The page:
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Anorexia nervosa, bulimia - medical causes of eating disorders - symptoms, treatment, diagnosis
Perfectionism

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Almost every recent book or article written on eating disorders cites perfectionist tendencies as being a predisposing factor in developing AN. You will often hear therapists referring to perfectionism as a negative character trait closely associated with obsessive-compulsive disorder. Words like "chronic pleaser" or "obsessive" are used to describe the personality of the anorexic person.
 
Dictionaries vary in their definition of the word, but Reader's Digest  Encyclopedic Dictionary defines a perfectionist as "One who demands of himself or others an exceedingly high degree of excellence." Most of us realize that perfection is unattainable in a physical world. But striving for excellence is not something that I would call a negative character trait. In fact, our society is very intolerant of anyone who is not a perfectionist. No one wants to listen to a vocalist that sings slightly out of tune, or buy a car that has small defects in the paint job. We expect aircraft mechanics to be perfectionists, as our very lives depend on them working without any errors or omissions. Any athlete that wants to excel at competition must strive for excellence. Anyone who is not a perfectionist will not excel at sports, business, work, or music.
 
It is generally observed, however, that anorexic patients generally do excel at many pursuits. They generally have a history of high achievement or academic success. The conventional wisdom sees this high achieving trait as one of the causes of carrying the weight-loss to extremes. It is easy to understand how the therapist could believe this, since the assumption is made that there is nothing physically wrong with the patient. The patient may even insist they want to lose more weight (this may be an excuse for their refusal to eat, since most eating disorder programs refuse to accept the "I'm not hungry" or "I don't feel well" excuses). One of the goals of cognitive-behavioral therapy is to convince the patient that they don't need to pursue excellence, and that it is OK to fail or not do your best. Achieving "objective reality" is the desired outcome.
 
The vast majority of high achievers do not develop eating disorders, however, I believe the tendency to pursue excellence could be a factor in the development of AN, since the high acheiver is used to pushing themselves to their limits. A chronic digestive disorder will make this type of person vulnerable to becoming malnourished if they start dieting or engaging in competitive sports. This is because they will find it very easy to lose weight. For an athlete involved in high strength-to-weight ratio sports (distance running, ballet, gymnastics), the first stages of weight loss combined with exercise will provide a significantly higher strength-to-weight ratio. This will intially improve their performance, since as their body mass drops the muscles do not decrease proportionally in strength, and in fact initially will increase in strength. The anorexic individual may be encouraged in their pursuit by this initial success.
 
The high strength-to-weight ratio allows them to do increasingly more exercises, since there is now much less body mass to lift and accelerate. As malnutrition progresses, the anorexic, now adapted to their unknown digestive tract disorder, also adapts to the lack of nutrition. Due to this adaptation, they may be totally unaware that there is something wrong with their body. If their goal was an ideal body shape, no matter how hard they try, they cannot acheive it because the bloating makes their stomach look fat, and the skinnier they get the bigger the stomach looks in comparison. If they are used to pushing themselves to the limit of their endurance, they will not give up so easily. Maybe more exercise will flatten that tummy, or improve athletic performance.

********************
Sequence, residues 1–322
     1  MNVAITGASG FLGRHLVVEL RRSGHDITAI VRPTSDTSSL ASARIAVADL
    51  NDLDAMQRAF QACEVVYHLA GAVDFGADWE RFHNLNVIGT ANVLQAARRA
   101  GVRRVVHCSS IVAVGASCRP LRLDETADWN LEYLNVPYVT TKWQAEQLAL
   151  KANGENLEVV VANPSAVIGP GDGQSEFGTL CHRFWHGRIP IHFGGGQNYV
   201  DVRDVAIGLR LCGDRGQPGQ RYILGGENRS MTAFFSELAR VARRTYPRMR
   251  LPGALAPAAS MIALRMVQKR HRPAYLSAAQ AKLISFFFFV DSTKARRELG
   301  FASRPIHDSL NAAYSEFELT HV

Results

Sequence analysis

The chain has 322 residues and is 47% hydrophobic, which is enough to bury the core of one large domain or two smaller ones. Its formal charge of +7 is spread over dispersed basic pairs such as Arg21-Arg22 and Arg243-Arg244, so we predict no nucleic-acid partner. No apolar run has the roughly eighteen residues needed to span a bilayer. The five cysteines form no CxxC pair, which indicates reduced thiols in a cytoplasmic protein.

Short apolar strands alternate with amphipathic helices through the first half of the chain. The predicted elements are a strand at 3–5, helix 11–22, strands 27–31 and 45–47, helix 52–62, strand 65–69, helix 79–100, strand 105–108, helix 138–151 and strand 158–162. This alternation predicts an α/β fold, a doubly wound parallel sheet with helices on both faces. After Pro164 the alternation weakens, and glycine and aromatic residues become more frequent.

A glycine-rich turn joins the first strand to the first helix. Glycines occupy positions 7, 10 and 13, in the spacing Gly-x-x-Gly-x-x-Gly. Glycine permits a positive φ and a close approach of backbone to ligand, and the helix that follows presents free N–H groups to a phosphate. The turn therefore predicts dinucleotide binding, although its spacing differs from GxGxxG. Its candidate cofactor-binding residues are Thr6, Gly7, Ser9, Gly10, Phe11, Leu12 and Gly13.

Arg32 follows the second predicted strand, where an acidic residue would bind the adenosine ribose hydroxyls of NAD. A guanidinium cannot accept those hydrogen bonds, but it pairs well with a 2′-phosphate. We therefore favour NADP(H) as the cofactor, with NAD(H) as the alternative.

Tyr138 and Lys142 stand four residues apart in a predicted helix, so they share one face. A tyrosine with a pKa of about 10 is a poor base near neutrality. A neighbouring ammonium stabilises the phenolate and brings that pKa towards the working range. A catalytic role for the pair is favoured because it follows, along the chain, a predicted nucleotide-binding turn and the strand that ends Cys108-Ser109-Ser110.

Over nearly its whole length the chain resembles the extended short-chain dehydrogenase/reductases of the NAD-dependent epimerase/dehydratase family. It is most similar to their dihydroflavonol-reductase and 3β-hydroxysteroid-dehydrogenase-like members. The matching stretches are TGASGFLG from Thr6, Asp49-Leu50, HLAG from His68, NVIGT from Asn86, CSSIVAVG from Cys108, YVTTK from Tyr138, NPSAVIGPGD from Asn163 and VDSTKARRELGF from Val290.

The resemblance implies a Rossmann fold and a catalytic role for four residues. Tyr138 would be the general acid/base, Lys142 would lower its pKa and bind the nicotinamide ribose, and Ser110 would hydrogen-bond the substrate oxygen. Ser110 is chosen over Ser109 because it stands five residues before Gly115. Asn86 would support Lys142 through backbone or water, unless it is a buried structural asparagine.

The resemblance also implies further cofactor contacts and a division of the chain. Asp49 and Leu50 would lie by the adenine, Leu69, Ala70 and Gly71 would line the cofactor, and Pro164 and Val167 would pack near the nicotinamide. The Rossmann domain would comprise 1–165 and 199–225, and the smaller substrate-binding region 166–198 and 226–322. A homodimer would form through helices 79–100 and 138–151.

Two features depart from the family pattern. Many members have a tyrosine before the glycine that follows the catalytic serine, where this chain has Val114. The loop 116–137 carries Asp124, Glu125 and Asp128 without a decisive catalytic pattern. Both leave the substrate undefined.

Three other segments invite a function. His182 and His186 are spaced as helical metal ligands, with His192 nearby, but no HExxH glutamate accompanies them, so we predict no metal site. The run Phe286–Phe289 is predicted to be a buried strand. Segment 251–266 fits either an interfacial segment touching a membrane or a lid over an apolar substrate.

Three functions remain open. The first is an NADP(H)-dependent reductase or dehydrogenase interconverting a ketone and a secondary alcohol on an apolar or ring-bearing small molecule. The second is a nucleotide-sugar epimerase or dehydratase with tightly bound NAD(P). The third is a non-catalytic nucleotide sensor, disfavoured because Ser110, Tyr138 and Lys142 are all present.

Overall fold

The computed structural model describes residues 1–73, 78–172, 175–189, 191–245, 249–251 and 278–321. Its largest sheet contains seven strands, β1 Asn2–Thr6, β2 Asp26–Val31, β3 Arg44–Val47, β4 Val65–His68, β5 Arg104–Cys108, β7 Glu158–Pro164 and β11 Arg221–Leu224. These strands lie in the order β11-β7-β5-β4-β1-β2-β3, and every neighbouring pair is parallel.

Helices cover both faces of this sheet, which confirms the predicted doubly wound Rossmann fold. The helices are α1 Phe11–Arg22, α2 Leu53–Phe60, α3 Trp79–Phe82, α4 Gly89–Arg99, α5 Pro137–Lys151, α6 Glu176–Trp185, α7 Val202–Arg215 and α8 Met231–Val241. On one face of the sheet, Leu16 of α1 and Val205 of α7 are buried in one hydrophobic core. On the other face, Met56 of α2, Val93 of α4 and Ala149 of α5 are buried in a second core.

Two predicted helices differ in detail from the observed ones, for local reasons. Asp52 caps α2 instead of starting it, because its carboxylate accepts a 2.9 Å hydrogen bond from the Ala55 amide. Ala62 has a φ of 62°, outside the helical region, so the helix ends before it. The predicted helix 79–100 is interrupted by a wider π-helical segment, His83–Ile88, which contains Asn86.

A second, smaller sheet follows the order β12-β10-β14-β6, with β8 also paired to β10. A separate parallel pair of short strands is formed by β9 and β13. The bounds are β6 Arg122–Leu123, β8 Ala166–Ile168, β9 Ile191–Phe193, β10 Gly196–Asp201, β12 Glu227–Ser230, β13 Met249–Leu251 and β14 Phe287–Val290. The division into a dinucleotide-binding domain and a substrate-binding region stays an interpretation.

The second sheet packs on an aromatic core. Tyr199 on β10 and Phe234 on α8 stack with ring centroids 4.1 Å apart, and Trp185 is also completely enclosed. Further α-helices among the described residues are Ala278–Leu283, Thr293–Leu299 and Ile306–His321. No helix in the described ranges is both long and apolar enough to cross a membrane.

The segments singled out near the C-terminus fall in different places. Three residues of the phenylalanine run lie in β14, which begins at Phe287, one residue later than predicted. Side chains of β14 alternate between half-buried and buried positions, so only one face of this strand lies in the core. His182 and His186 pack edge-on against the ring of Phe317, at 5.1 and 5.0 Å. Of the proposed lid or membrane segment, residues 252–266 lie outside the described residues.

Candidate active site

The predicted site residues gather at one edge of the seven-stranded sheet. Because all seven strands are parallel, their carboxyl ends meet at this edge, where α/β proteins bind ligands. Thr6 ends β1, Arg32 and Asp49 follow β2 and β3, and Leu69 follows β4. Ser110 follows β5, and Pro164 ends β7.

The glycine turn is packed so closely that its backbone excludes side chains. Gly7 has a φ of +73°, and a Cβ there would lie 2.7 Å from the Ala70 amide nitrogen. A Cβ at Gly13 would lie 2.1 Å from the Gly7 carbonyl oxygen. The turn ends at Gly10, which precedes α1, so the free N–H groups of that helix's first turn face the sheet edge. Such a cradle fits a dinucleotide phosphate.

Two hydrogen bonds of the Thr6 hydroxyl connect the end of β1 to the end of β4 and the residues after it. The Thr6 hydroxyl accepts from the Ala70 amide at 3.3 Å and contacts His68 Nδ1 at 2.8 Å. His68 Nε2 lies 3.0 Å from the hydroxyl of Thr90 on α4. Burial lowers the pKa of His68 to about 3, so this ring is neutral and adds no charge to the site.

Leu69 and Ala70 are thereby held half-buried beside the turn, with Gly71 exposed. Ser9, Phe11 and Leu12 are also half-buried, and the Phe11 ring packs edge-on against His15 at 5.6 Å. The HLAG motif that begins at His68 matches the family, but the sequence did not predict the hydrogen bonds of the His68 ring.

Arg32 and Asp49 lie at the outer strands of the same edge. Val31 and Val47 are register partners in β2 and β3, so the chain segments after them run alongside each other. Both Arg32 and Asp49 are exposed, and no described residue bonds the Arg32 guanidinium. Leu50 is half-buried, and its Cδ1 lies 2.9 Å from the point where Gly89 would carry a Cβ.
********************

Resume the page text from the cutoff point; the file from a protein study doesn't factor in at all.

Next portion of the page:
Once malnutrition reaches an advanced state, the brain becomes so preoccupied with correcting the nutritional deficiency, a hyperactivity starvation response can ensue, making the patient very agitated and wanting to exercise to alleviate the agitation (see starvation response). Of course, if an otherwise healthy individual becomes malnourished, this hyperactivity and preoccupation with food serves a positive purpose, since it increases the likelihood of finding food. The otherwise healthy malnourished person would then consume this food and gradually gain body mass. The person with a chronic digestive tract disorder, however, may be unable to eat, as they often experience early satiety, nausea, bloating, or stomach pain when they try to eat.
 
You can see that the high achieving athlete or dieter with an undiagnosed digestive disorder is in serious trouble. Unless steps are taken to identify and treat the underlying disorder, malnutrition is likely to progress. If the disorder is mildly affecting appetite, behavioral therapy may be enough to make the patient eat enough to gain body mass. If the disorder is more serious, however, medical complications from malnutrition are likely to occur.
 
Very few high achievers become anorexic. Yet the majority of patients with AN seem to be high achievers. Perfectionism may be a predisposing trait, but should not be assumed to be the underlying problem. It is when this trait is combined with chronic disease, that there is a potential for developing an eating disorder. In an age when dieting and strenuous exercise have become so popular, one should never assume that excessive weight loss is the choice of the anorexic individual, even if they seem fixated on that goal. It is more likely a chronic medical problem that makes it very difficult for them to eat or absorb enough nutrients. Identifying and treating the underlying disorder is the key to recovery.